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Find information on Arucas in our Travel Guide covering sights, foods and nightlife plus more...
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Arucas lies in the north of Gran Canaria close to the island’s capital, Las Palmas. It has had a long history but was totally destroyed in the fifteenth century and had to be rebuilt. This fertile area is famous for its sugar cane production and its rum industry as well as other crops. The small sweet Canary bananas, which can no longer be exported to this country, are another important crop. Arucas, framed by mountains and nestling in a fertile valley is a very attractive town. The centrepiece of the town, the Church of San Juan Bautista, built on the site of the original church and completed in the twentieth century, draws many visitors to its doors. The coastline of Arucas offers a variety of beaches and small coves and the beach of Las Palmas is nearby.
An Arucas holiday offers year-long sunshine amid stunning scenery in a town with an interesting history. It is a good base for walkers with trails along the valleys and into the hills.
Arucas offers relaxation in pleasant surroundings with many historic buildings waiting to be explored. There are bars and restaurants providing good food and evening entertainment to suit all tastes. Being close to the capital visitors can enjoy the relative peace of the town while enjoying the facilities that Las Palmas offers.
Arucas has widespread appeal. It is the ideal holiday for sun lovers, and couples of all ages. It is a good base for walkers
Arucas is a year round holiday destination having pleasantly hot summers and warm winters. February and March are very pretty months when the trees are in blossom.
Arucas in the North of Gran Canaria is separated from the capital, Las Palmas, by a gorge. Surrounded by hills and fertile valleys, it lies in an area of great natural beauty. The coastline of the area has beaches as well as rocky coves, but many of them are unsuitable for bathing as the waves are heavy and the currents strong.
The town has some outstanding architectural features including the Church of San Juan Bautista which is constructed in the local blue-grey stone, beautifully carved, and with a tower that is sixty metres high. The stained glass windows are another attraction as are the works of art inside the church. The rum factory, the Town Hall and the Cultural Centre are also popular attractions. Sit and rest awhile in the Plaza de San Juan taking time to fully appreciate the architecture. The gardens and house of the Marchise de Arucas are also worth visiting. It is a delightful mix of trees and shrubs with peacocks wandering the paths. A mini train runs through the town dropping visitors at Arucas’s many visitor attractions. A trip to the volcano, Volcan de Aricas, gives stunning views over the town and the whole of the northern coastline.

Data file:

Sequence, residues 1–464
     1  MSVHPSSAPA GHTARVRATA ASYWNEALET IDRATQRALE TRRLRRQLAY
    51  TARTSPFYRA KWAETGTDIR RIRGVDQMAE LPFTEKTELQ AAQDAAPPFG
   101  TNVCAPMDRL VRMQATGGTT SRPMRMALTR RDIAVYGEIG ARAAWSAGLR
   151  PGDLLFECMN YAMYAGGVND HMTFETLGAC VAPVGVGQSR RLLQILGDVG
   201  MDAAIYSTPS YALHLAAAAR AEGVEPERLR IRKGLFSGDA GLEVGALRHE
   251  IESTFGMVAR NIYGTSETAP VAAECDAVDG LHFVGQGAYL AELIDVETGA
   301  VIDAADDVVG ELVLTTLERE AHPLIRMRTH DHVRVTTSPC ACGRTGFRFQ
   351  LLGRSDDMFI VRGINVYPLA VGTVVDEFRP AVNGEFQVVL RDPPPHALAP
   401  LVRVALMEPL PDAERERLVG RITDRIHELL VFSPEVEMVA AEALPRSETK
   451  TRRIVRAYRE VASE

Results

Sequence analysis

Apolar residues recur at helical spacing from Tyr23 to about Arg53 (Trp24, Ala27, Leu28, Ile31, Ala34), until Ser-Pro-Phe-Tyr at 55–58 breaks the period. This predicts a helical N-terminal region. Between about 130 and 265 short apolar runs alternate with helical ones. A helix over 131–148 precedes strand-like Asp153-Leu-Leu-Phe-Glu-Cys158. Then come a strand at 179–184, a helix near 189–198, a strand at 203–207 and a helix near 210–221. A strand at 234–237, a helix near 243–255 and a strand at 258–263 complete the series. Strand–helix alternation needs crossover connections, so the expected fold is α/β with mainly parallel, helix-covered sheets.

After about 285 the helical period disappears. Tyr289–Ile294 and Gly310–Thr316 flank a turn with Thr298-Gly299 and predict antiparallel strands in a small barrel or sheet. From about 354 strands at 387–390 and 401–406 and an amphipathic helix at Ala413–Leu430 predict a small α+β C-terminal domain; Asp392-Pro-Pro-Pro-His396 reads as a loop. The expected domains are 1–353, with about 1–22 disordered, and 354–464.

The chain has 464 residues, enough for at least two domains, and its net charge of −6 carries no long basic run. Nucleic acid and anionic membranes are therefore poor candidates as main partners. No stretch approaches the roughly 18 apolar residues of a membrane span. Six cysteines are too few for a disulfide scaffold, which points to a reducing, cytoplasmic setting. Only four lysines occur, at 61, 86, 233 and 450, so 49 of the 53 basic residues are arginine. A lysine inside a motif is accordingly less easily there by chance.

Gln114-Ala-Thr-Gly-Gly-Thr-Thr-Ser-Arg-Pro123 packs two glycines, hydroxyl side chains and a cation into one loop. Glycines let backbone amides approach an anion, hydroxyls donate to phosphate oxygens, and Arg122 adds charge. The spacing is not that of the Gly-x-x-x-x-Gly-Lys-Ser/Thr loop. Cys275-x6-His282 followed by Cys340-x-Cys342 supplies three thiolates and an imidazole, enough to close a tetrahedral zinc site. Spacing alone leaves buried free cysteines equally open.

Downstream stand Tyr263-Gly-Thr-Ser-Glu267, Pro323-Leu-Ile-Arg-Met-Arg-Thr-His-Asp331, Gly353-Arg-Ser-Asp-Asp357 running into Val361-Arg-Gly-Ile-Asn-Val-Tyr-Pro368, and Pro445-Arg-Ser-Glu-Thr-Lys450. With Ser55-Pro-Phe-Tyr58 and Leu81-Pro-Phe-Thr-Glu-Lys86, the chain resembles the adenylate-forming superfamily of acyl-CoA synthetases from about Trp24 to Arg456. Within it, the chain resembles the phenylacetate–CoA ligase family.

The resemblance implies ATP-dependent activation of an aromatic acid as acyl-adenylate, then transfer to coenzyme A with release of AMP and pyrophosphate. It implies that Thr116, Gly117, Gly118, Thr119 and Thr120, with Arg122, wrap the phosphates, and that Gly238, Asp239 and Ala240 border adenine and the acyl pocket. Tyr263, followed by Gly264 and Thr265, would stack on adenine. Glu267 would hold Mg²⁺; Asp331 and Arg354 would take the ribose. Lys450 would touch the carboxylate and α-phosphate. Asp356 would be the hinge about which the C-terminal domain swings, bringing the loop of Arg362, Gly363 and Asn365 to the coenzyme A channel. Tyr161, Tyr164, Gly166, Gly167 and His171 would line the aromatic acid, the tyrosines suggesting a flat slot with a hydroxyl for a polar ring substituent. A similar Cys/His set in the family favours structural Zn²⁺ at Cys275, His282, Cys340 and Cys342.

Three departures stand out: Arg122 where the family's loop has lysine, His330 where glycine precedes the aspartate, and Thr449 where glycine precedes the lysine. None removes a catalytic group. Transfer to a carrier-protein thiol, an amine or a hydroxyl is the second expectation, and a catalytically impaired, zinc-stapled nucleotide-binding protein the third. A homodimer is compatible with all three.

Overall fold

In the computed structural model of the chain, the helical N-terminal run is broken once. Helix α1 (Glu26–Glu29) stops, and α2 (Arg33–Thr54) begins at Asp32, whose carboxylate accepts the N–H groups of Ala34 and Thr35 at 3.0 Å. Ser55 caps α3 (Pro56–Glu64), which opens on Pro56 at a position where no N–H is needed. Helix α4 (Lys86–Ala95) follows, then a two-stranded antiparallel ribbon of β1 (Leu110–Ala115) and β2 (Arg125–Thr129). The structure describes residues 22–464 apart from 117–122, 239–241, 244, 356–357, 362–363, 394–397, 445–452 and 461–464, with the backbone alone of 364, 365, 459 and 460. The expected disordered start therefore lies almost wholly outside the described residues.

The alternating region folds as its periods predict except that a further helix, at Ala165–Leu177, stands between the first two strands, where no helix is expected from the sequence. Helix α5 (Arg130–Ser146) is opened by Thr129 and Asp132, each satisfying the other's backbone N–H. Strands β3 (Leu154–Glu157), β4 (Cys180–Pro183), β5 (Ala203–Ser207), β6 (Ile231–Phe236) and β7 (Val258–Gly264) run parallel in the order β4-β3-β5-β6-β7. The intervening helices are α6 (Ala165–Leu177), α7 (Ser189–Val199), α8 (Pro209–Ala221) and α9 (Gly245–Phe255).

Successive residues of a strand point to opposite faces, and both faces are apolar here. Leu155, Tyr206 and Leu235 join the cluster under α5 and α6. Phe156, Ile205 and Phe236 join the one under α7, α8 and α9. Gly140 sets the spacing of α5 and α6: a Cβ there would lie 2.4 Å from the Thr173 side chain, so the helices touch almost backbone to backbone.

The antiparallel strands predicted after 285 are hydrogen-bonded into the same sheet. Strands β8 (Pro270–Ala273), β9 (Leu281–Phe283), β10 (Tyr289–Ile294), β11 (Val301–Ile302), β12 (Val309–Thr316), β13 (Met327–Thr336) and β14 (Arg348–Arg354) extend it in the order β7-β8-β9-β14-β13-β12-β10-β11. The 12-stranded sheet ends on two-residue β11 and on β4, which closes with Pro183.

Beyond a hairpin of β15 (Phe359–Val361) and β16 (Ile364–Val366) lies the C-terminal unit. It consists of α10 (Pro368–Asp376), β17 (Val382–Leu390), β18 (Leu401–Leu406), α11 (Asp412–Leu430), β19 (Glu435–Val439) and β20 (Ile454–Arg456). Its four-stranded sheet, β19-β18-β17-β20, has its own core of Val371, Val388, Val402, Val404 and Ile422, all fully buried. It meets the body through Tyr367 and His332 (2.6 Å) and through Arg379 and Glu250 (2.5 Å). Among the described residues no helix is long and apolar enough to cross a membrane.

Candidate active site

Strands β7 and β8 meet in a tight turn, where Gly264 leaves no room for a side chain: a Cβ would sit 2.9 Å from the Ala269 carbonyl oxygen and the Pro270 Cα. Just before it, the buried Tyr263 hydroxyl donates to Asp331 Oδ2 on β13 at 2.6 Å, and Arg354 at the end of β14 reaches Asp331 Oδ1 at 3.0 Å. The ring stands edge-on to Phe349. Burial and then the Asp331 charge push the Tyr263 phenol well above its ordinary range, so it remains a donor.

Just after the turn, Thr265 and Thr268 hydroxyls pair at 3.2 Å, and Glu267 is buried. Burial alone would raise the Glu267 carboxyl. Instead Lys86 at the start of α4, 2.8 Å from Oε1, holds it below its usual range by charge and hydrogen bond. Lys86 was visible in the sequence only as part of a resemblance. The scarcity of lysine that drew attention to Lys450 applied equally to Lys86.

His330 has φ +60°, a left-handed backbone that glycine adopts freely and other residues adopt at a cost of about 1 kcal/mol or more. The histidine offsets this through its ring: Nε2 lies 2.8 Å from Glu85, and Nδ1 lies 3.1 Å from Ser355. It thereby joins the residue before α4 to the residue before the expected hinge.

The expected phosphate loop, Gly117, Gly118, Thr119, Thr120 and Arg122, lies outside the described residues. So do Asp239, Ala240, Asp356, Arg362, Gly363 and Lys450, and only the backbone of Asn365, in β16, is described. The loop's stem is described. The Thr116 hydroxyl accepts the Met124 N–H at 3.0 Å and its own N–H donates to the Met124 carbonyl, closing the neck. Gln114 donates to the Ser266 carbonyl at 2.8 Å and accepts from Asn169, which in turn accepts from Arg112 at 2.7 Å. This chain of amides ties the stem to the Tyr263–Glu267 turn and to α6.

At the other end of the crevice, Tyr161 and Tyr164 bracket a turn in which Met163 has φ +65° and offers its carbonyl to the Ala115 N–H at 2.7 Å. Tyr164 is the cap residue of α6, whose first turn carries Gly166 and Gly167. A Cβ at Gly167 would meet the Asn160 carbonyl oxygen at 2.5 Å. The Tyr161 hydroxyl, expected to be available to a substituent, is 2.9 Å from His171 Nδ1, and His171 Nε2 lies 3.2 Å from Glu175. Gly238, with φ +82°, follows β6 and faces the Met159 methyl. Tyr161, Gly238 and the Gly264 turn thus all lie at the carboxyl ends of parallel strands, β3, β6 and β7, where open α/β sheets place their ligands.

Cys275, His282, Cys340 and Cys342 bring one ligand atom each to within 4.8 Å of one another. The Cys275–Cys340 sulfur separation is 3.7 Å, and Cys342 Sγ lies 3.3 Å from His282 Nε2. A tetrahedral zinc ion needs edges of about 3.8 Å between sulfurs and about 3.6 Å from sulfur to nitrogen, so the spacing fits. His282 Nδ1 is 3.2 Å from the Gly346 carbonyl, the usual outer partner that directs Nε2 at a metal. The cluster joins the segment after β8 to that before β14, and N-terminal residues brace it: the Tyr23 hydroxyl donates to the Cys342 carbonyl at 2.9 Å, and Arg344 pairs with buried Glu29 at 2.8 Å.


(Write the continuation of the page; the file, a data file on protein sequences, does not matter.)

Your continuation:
Arucas has a good range of accommodation catering for most budgets and its restaurants and cafes provide for most tastes. There is a more than adequate number of shops.
There are six golf courses on the island with three in the north and three in the south. The El Cortijo course near Los Palmas is where the Spanish Open was held in 2002.
Many attractions enjoyed by children are found in the south of Gran Canaria including water parks, a Wild West park, Holiday World and a crocodile park.
Although there are some lively bars, Arucas nightlife is fairly low-key. Evenings are spent wandering the streets enjoying a meal or a drink in one of the many pavement cafes and restaurants. Las Palmas offers a wider range of entertainment where it is possible to party until dawn.
One of the attractions of shopping in Gran Canaria is that goods are virtually tax free and Arucas has a good number of shops and boutiques. The main shopping streets are Calle Leon y Castillo and Calle Francisco Gourie. There is also a Saturday market. Popular souvenirs include items fashioned from local volcanic rock, wood carvings, embroidered linens and lace, leather goods and basket work. Those looking for a wider choice of goods can take a bus to Las Palmas where there appears to be an almost limitless choice.
Arucas has some very good restaurants serving a varied menu. Fish features prominently on menus often accompanied by mojo, a spicy pepper salsa and salted potatoes. Traditional cuisine using local produced vegetables ensures you get your ‘five a day’. A good way to sample Spanish food is to order a plate of tapas which consists of a medley of bite-sized dishes. Tapas are also ideal for filling the sometimes long gap between lunch and dinner, which is served later in the Canaries than at home.
Children are always made very welcome in restaurants and their tastes and portion sizes are usually accommodated.